Using technology for innovation in government

Monday - 11/21/2011, 7:09pm EST

Jim Beaupre and Mary Davie of ACT-IAC

Download mp3

By Michael O'Connell
Web Editor
Federal News Radio

Leaders from industry and government agencies face many of the same challenges. Where those two groups intersect is in the arena of governance. One organization that has helped to bring industry and government leaders together to improve governance through innovation is the American Council for Technology (ACT) & Industry Advisory Council (IAC)

Jim Beaupre, chairman of ACT & IAC and Mary Davie, ACT president and assistant commissioner of the Office of Integrated Technology Services at the General Services Administration, joined In Depth with Francis Rose to discuss driving innovation for government. They brought highlights and lessons learned from this year's Executive Leadership Conference in Williamsburg, Va.

According to Davie, ACT & IAC was created to engage government and industry in improving the effectiveness and use of IT in government.

"The challenge for industry, of course, is how to bring innovative technology, how to get agencies to accept them and we look at ACT-IAC as that sandbox, if you will, that allows industry and government to get together and not promote any single company, but talk about collaborative efforts to come up with innovations and also to be able to have an opportunity to present innovations," Beaupre said.

Jim Beaupre, chairman of ACT & IAC (ACTgov.org)

The recent Executive Leadership Conference was an opportunity for industry and government leaders to share their ideas on innovation.

"Given the environment we're in, people really are looking to connect and learn from each other and there's a lot of ongoing initiatives right now in government that are supporting agencies to collaborate and to talk more about shared services, shared services, things like that. We in ACT-IAC provide a lot of forums for that dialogue and have for years," Davie said. "What we want to do is to pick up on some of those themes and things that people really wanted to learn from and make sure that those discussions continue to happen through the shared interests groups and the training programs that we have and the other events we are having throughout this year and that's what we'll be working toward."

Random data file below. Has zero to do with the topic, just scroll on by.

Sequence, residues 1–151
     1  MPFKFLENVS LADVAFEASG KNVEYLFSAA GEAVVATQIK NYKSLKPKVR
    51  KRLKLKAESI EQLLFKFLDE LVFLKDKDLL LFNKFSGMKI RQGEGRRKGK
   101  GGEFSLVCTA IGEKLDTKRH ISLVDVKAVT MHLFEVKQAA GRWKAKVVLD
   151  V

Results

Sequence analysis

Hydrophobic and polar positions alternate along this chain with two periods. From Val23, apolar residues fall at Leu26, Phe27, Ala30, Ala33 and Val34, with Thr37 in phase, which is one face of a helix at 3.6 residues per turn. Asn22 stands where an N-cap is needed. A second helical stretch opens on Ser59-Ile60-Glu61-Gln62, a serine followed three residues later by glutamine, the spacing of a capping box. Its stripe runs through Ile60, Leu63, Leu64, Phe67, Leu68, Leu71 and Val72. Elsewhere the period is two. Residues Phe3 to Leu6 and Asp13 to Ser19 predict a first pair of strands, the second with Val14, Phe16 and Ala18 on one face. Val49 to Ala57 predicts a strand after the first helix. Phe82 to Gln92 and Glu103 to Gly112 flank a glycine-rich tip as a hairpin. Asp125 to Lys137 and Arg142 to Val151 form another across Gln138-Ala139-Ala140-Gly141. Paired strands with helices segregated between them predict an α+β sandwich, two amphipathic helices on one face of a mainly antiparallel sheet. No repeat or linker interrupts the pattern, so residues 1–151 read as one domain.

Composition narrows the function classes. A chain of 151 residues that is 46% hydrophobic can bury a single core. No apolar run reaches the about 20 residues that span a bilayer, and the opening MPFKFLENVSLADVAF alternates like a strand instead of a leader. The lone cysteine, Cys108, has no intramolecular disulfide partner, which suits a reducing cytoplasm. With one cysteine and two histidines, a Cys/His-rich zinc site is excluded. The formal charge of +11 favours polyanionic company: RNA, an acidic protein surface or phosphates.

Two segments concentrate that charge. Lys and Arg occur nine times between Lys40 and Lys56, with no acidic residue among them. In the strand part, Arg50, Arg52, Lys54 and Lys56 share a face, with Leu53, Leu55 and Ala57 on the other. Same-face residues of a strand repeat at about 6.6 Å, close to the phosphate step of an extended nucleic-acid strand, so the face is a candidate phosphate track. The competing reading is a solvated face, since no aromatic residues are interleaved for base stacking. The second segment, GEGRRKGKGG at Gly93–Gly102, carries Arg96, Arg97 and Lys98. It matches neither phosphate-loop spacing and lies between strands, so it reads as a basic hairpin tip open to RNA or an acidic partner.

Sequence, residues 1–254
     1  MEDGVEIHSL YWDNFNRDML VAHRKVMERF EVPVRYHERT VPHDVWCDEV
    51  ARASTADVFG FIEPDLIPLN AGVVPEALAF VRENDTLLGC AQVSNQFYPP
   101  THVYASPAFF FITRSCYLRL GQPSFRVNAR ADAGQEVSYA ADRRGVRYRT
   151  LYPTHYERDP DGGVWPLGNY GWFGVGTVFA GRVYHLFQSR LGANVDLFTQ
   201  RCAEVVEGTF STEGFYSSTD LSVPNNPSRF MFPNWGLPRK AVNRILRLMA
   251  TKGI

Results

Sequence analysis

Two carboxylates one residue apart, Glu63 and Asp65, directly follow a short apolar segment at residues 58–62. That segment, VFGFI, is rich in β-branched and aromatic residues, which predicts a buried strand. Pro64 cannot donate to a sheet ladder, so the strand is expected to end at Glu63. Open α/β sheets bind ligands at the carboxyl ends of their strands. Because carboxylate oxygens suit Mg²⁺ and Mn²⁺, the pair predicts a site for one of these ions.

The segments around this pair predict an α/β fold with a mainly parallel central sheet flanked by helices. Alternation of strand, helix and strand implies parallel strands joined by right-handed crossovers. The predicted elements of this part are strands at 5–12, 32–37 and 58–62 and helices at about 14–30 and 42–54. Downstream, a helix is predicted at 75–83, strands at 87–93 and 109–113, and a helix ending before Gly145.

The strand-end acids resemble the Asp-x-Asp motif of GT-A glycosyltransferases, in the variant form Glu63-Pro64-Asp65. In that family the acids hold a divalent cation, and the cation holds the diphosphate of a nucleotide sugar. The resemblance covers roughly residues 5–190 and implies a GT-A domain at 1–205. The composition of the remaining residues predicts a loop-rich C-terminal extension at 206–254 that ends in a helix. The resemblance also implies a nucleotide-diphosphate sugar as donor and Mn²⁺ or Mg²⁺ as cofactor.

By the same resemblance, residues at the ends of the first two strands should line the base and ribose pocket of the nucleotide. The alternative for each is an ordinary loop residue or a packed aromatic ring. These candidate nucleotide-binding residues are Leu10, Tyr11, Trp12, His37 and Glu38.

Addressing industry frustration

"Industry is frustrated," Beaupre said. "We have innovations and we'd like to bring them to agencies. We bring them to government, but there are challenges. Some of it is the acquisition rules the prevent them from bringing innovations forward."

One of ACT-IAC's functions is to bring together companies to generate a solution that is not prejudiced toward one company over another. Beaupre described how the Office of Management and Budget came to ACT-IAC to look at how the agency could move its legacy systems to more current systems. ACT-IAC assembled 25 companies to work on the problem. They produced an answer that was non-partisan and that OMB was satisfied with.

The challenge in a situation like that is to ensure that the participants are working toward the solution and not their own gains. "You have to have them leave their corporate hat at the door and really work on the problem," Beaupre said.

Davie has seen this process work in her own agency. "We didn't even think of it as 'What company are you from?'" she said. "It's 'Do you have an interest in this? Do you have a passion for it? Do you know something about it? And what can we do to improve the government buying process? To improve requirements development? To reach a broader audience?'"

"I have seen it and worked with it personally, and I would certainly encourage other agencies to raise their hand and ask for help," she said.

Its mission is innovation

To facilitate the process of industry and government coming together, ACT-IAC recently launched the Institute for Innovation.